National authorities will then seek authorisation through the Procurement Working Group which in turn will make recommendations to the UN Security Council on each application. The Procurement Working Group is administered by the European External Action Service and has seven participating states: China, France, Germany, Iran, Russia, UK and US. It has 20 days to consider each application and to reach the consensus required for approval. Each participating government is likely to review each referral as if it was an application for a national export licence before informing the Working Group of its views.
Once a decision is reached, the national licensing authority will be informed. It will then issue (or refuse) the appropriate licence and inform the UN and the International Atomic Energy Agency when the export goes ahead.
What requires a licence subject to national authorisation?
- The sale, supply, transfer, export or import of a range of other items that could be used in the nuclear fuel cycle,6 and related assistance and services. A licence will not be granted if the licensing authority has reasonable grounds to determine that the actions concerned would contribute to nuclear-related activities inconsistent with the JCPOA or if it is unable to secure rights from Iran to verify the end-use of the supplied items.
- Enterprise Resource Planning software designed for use in nuclear and military industries,7 and related assistance and services: sale, supply, transfer or export requires a licence, which will be refused if there are reasonable grounds for suspecting that it is intended for use in military or nuclear industries, or by the Iranian Revolutionary Guard Corps.
- Semi-finished metals and graphite,8 and related assistance and services: the same restrictions apply as to the software above.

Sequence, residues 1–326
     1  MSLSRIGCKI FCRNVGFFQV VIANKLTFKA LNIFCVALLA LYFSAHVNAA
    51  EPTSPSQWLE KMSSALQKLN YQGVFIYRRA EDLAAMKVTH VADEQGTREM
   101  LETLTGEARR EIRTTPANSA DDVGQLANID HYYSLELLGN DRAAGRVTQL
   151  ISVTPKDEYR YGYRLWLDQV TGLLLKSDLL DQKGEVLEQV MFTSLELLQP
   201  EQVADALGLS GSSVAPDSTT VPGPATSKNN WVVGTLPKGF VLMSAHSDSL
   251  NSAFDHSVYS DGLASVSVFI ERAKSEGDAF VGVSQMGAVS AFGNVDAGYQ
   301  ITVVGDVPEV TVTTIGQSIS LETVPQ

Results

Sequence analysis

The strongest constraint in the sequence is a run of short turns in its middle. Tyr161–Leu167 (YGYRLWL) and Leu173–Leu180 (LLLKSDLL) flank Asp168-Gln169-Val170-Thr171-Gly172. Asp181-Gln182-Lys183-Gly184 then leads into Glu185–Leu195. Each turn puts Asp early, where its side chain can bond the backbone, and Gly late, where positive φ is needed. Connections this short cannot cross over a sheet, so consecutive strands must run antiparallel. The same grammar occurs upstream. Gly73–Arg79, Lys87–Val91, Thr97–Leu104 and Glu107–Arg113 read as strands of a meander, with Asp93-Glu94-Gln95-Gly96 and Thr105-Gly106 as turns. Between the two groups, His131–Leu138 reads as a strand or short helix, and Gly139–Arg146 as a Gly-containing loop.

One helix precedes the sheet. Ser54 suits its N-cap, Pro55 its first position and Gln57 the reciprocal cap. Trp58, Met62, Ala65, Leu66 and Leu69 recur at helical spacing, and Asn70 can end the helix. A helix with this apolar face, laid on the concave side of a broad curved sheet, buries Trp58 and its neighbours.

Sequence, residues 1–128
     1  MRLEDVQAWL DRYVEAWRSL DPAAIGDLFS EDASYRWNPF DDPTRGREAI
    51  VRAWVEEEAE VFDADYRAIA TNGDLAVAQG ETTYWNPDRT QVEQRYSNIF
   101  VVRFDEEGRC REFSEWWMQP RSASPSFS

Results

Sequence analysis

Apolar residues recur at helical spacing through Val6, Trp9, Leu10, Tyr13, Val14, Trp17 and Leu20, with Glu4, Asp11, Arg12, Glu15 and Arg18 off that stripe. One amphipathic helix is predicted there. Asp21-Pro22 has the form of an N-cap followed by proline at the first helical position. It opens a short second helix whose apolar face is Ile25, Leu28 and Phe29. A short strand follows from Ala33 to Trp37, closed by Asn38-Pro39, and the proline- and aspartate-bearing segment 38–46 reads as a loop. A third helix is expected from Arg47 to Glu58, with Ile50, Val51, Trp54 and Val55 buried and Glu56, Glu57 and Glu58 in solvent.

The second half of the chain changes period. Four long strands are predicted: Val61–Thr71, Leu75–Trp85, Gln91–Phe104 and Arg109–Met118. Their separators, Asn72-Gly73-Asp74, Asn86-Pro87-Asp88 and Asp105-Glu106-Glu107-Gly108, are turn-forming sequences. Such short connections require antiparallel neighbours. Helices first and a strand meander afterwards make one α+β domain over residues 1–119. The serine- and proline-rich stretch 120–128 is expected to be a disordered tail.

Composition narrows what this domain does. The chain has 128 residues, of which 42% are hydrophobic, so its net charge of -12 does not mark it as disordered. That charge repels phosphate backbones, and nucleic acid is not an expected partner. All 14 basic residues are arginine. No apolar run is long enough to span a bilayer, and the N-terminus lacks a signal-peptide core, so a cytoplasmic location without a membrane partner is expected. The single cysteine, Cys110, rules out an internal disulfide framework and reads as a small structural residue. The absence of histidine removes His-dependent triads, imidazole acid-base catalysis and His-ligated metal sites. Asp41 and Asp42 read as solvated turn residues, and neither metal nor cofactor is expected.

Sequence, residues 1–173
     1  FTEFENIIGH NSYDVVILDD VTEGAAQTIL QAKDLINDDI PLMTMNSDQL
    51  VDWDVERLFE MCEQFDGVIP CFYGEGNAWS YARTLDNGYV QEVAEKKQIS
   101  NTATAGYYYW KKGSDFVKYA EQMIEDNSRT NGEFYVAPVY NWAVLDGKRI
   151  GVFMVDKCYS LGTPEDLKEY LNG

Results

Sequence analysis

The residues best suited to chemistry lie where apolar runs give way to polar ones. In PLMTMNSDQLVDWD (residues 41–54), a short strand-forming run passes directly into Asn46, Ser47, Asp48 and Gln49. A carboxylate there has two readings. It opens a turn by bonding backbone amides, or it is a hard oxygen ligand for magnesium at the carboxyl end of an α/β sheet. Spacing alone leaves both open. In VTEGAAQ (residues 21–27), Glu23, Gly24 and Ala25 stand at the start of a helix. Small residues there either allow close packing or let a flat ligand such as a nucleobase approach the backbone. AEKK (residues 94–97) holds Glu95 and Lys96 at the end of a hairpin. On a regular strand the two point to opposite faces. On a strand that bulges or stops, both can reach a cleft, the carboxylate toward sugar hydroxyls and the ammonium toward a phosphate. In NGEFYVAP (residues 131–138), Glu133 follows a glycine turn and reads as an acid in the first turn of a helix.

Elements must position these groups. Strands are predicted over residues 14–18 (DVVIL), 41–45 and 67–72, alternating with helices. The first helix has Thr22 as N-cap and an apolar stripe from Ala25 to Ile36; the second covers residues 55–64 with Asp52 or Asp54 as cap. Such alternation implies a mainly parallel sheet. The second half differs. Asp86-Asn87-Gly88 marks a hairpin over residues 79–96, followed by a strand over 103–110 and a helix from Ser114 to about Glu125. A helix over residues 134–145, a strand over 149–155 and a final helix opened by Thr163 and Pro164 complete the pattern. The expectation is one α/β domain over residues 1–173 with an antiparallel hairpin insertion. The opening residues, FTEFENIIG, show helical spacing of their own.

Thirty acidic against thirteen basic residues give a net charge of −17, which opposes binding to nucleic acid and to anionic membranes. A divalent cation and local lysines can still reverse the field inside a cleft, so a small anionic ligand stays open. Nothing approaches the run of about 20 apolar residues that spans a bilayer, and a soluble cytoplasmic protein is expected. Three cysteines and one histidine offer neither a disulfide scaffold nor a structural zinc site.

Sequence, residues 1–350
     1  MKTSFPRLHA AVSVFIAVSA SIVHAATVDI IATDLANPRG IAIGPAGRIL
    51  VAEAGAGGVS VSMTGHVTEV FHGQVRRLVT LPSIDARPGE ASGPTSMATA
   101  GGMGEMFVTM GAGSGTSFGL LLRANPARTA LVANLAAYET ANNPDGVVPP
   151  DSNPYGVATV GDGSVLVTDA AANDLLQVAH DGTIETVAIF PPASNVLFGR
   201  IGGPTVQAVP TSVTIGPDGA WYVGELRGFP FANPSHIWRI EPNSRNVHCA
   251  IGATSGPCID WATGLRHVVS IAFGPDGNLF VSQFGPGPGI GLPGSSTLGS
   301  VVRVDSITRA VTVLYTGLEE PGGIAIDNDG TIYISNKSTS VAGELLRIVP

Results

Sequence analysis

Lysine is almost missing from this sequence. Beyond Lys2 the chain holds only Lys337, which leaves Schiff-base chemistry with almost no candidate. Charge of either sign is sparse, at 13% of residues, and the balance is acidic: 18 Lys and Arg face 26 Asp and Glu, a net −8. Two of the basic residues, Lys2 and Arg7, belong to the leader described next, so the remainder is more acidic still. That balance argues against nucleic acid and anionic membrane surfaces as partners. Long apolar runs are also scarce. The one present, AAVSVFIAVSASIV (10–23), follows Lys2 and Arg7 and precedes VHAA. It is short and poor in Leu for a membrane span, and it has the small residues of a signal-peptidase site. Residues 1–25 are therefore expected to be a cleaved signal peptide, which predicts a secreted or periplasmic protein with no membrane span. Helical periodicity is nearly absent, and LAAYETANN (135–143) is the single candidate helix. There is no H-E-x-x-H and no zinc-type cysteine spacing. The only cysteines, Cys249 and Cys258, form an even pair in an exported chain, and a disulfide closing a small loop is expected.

- Items,9 and related assistance and services, which might be used for the monitoring or interception of internet or telephone communications: sale, supply, transfer or export requires a licence. This will be refused if there are reasonable grounds to determine that the item would be used for such monitoring or interception by Iran’s government, public bodies, corporations and agencies or any person or entity acting on their behalf or at their direction.
- All Dual Use items10 not already covered above: all exports from the EU, previously prohibited by sanctions, now require a licence as they would to any other destination.
- End-Use Controls: the sale, supply, transfer or export of any item requires a licence to Iran (as it does to any other destination) if the exporter has been informed, is aware or has reasonable grounds to suspect that it might be used for WMD or military purposes.
- All marine vessels and aircraft, and their components, software and technology: in most EU Member States, their sale, supply, transfer or export remains controlled under national regulations.11
Proceeding with caution
As made clear in our previous briefing notes, both U.S. and non-U.S. companies should continue to exercise caution with respect to any dealings involving Iran and ensure that any Iran-related activities are conducted in a manner fully consistent with all sanctions measures now in place.